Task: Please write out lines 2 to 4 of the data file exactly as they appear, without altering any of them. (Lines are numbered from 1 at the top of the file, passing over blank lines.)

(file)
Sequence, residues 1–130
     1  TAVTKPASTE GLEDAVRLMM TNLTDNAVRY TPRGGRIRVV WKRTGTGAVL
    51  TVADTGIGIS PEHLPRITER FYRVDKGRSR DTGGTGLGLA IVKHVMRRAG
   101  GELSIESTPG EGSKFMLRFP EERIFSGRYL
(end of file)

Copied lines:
     1  TAVTKPASTE GLEDAVRLMM TNLTDNAVRY TPRGGRIRVV WKRTGTGAVL
    51  TVADTGIGIS PEHLPRITER FYRVDKGRSR DTGGTGLGLA IVKHVMRRAG
   101  GELSIESTPG EGSKFMLRFP EERIFSGRYL